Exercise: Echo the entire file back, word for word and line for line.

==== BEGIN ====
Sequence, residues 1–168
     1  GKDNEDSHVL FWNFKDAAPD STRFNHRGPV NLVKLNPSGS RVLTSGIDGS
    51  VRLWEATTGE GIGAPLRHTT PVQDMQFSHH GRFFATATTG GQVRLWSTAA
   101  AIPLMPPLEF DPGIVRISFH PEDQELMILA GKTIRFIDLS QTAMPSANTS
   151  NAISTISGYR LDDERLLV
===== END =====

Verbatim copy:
Sequence, residues 1–168
     1  GKDNEDSHVL FWNFKDAAPD STRFNHRGPV NLVKLNPSGS RVLTSGIDGS
    51  VRLWEATTGE GIGAPLRHTT PVQDMQFSHH GRFFATATTG GQVRLWSTAA
   101  AIPLMPPLEF DPGIVRISFH PEDQELMILA GKTIRFIDLS QTAMPSANTS
   151  NAISTISGYR LDDERLLV